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Editor’s Note: This is a developing story and will be updated if necessary.
* Correction, 8 p.m. June 11, 2020
A woman who died in a fall from Midtown Towers was in fear for her life before the incident, a childhood friend said Thursday.
Terrance McGeorge said Aaliyah Johnson, who was transgender, was threatened with murder by a man with whom she had been linked, and who was angry and embarrassed because other people might find out.*
McGeorge, who is one of the leaders of a group called Project Matters, is helping to organize a march that is scheduled to begin at 4 p.m. Friday at the Jerome Avenue Bridge, proceed past the Public Safety Building on Lysle Boulevard, and end near Johnson’s apartment.
The march is intended to be peaceful, he said. Attendees are being asked to wear blue — Johnson’s favorite color — and to carry a candle. Participants should park in the lot near the McKees Point Marina, he said.
Johnson, whose age has been given as both 32 and 33, was found dead the morning of May 26 on the sidewalk in the 500 block of Sinclair Street, Downtown. Allegheny County police are investigating.
“What we know is that she suffered some sort of a threat from a former lover,” McGeorge said Thursday.
McGeorge, who has known Johnson since both were 16 years old, and who participated in the Pittsburgh area LGBTQ ballroom scene with her, said organizers are hoping to draw attention to her plight and urge Allegheny County police to dig more deeply into her death.
Organizers initially said the march was to begin at the 15th Avenue Bridge and proceed to the “McKeesport Courthouse” on O’Neil Boulevard.
McGeorge, who lives on Pittsburgh’s South Side, said there apparently was confusion about the names of the two bridges, both of which cross the Youghiogheny River, and that the march will stay in the Downtown area.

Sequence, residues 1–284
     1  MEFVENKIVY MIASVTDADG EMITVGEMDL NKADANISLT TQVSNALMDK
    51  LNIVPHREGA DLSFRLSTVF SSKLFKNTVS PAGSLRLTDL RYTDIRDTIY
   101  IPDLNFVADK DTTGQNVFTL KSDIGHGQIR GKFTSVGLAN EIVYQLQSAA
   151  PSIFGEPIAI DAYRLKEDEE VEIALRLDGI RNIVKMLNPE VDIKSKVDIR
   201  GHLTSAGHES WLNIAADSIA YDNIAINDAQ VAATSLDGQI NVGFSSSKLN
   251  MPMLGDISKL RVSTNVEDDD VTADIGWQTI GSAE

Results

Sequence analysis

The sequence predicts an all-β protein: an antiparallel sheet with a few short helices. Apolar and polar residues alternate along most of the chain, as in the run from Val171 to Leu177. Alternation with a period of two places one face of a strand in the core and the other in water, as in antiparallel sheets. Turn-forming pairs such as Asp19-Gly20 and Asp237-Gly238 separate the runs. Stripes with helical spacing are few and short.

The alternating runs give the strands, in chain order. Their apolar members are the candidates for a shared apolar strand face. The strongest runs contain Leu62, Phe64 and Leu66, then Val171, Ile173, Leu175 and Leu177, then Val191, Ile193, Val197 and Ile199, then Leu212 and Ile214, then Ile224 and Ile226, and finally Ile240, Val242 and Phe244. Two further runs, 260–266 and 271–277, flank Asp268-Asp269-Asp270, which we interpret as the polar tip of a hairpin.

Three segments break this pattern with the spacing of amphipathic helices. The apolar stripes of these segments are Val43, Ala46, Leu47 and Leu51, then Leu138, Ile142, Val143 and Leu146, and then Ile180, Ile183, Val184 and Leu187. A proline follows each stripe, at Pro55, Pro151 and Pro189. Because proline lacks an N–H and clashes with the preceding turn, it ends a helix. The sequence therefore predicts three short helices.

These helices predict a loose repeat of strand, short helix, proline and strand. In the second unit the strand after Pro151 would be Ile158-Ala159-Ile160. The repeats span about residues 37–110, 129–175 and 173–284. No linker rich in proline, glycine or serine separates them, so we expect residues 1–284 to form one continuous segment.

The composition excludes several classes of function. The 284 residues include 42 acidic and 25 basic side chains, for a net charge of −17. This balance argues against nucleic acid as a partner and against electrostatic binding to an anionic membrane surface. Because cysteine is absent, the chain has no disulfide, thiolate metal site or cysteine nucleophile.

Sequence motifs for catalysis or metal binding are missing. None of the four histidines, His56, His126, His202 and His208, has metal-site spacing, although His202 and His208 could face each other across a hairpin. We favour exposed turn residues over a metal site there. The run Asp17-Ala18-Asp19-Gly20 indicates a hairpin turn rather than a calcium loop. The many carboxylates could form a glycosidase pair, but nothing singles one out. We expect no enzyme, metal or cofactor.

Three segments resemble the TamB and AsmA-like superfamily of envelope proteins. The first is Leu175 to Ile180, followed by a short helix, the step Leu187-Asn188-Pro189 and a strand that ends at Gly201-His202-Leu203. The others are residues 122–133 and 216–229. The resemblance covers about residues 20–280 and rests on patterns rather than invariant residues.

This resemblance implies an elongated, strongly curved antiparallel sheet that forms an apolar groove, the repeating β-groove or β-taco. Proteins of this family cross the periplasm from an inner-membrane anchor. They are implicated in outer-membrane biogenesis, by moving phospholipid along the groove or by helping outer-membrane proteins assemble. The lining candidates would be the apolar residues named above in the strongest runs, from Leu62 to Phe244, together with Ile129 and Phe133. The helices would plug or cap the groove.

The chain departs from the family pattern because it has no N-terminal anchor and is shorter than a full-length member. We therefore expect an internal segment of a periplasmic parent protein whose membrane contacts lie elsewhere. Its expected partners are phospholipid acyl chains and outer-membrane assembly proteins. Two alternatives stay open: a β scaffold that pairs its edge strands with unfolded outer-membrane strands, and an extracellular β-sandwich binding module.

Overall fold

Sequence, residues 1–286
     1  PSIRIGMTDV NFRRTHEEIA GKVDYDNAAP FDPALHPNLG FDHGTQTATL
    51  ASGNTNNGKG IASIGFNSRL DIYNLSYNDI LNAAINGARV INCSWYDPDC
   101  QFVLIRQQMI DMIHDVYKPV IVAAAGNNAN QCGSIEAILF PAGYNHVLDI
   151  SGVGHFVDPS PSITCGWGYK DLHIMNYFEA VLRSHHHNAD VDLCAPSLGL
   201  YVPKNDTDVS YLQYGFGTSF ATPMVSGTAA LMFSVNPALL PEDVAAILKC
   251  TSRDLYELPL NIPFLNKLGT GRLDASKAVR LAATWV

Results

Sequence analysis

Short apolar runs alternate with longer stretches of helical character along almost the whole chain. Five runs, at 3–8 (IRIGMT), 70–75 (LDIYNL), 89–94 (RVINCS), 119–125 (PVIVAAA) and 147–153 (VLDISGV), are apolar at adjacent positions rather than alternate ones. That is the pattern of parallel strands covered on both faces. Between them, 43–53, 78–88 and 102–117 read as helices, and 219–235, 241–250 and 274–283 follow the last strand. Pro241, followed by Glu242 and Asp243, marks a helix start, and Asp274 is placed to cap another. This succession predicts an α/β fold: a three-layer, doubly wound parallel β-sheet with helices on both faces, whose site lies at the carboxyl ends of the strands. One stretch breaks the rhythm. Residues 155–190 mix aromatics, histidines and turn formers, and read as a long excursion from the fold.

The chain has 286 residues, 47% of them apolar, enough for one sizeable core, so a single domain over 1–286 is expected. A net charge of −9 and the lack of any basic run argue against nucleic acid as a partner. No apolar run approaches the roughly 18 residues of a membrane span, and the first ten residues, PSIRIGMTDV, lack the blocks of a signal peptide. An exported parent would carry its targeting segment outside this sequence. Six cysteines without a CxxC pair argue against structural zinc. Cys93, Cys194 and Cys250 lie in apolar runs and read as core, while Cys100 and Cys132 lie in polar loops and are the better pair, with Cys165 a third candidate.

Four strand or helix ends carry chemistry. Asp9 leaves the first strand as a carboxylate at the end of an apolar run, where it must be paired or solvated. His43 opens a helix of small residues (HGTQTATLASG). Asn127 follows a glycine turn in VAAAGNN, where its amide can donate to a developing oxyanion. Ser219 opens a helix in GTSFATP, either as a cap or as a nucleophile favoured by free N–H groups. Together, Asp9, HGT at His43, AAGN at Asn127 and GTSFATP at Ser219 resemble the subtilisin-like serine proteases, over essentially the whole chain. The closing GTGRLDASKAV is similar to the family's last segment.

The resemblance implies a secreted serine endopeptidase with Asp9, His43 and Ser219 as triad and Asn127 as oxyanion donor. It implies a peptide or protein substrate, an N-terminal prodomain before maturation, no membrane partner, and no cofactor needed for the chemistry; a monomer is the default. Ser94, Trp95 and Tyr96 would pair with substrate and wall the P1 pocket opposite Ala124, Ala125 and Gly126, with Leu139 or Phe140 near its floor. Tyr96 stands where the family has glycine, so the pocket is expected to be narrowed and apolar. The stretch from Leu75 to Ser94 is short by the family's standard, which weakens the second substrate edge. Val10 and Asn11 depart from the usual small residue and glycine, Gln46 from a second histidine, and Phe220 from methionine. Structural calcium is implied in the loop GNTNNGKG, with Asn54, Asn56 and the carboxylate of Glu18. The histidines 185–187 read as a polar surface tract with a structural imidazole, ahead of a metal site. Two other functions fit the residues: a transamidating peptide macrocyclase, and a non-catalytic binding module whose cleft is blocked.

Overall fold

He said Black gay, lesbian, transgender and queer people find few places to turn for help in communities outside of the City of Pittsburgh.
“She did have a drug abuse problem,” he said. “That, unfortunately, is true. But at the same time, the police are ruling it a suicide when we’re hearing there are other layers to the story. We’re hearing multiple different stories. That’s why a fair and just investigation is so important.”
Johnson had been assaulted inside her apartment on previous occasions, McGeorge said.
“There are many Black queer people in the city who need some level of support,” he said. “They need to feel safe. We also need to make sure there are people in those communities who do not cause them harm.”
McGeorge said Johnson’s friends and family are willing to talk to Allegheny County police about threats that were made to her life.
“There is a lack of support for the LGBTQ community in (places) such as McKeesport,” he said. “Where was her safe space? Maybe if there was something (available) for her, she would have been able to get the resources she needed.”
Johnson had a prominent social media profile and was known as a hairstylist, makeup artist and commentator at drag shows and other events.
“She had a presence,” McGeorge said. “We grew up together and we’re not going to let this be swept under the rug.”
He said friends have been told that Johnson may have laid on the sidewalk on Sinclair Street for up to five hours before her death was reported.
“We’re not going to let her death go in vain,” he said. “We’re here in the community and we’re going to stand up for people who are LGBT. Our lives are just as important as everyone else’s. When it comes to Black queer lives, they need that protection.”
On Thursday afternoon, responding to rumors posted on Facebook that business owners were being told to close their stores at 2 p.m. Friday because of the protest, McKeesport police issued a statement via social media.
The rumors, McKeesport police said on the department’s Facebook page, were “not accurate” and added that no business closures have “been requested by the City of McKeesport Mayor’s Office or McKeesport Police Department.”
In an emailed statement Thursday, Port Vue police said that officers will monitor traffic near the 15th Avenue Bridge as a precaution and recommended that motorists avoid the area.
Correction: This story originally said that Johnson was threatened by a man who didn’t know she was transgender. McGeorge said the man knew but was angry about other people finding out.
Jason Togyer is editor of The Tube City Almanac and volunteer executive director of Tube City Community Media Inc. He may be reached at firstname.lastname@example.org.
Originally published June 11, 2020.